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COVID-19 Impact on Georgia Latest Articles

July 29, 2020

Planning a Road Trip? Here’s How to Do it Safely

Planning a Road Trip? Here’s How to Do it Safely

Updated on July 10, 2020 at 2:00pm EST.

Months of being cooped up at home has many Americans with a serious case of wanderlust. If you’re one of them, you want—or need—to get away. But you may be wondering what’s the safest way to travel during the pandemic.

With reports of some airlines booking flights to capacity, you may be skittish about getting on a plane and prefer to hit the road in your own car, or an RV.

If so, new research suggests you’re not alone. Some 67 percent of Americans are likely to travel by car over the next six months—more than double the percentage planning to travel by air during the same time period, according to a June survey conducted by MMGY Travel Intelligence, a group that supplies data to the hospitality, travel, and tourism industries.

One possible reason for the road trip trend: People have more power over their environment. Travel by car gives you the most control, says William Greenough, MD, professor emeritus of medicine at the Johns Hopkins University School of Medicine and associate medical director and clinical chief of the ventilator rehabilitation unit at Johns Hopkins Bayview Medical Center in Baltimore, Maryland.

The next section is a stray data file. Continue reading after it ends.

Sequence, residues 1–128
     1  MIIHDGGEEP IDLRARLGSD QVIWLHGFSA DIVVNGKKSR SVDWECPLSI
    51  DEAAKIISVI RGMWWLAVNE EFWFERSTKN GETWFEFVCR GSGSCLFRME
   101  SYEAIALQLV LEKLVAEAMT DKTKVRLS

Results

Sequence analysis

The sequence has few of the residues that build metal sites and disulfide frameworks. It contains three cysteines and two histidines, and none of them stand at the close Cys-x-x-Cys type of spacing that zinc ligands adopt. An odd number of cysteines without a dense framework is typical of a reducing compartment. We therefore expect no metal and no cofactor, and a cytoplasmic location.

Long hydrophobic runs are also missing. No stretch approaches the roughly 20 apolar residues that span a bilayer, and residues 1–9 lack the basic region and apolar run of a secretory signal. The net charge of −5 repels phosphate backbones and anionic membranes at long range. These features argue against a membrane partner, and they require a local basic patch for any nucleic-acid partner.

With a greater sense of control, many people are open to the idea of venturing relatively far from home. In fact, the survey also found that slightly more than one-third of those polled said they’re willing to drive 300 miles or more each way from home to a vacation destination. Meanwhile, one in five said they’re willing to travel 500 or more miles away from home.

Your risk will never be zero. But there are several steps you can take before and during your trip to help protect your health and reduce your risk of exposure to COVID-19.

Before you go
Ideally, your entire party should get a COVID-19 test about two days before you go on trip, Dr. Greenough advises, but he admits that’s still easier said than done in many places. Of course, if you test positive, you’ll have to cancel your trip.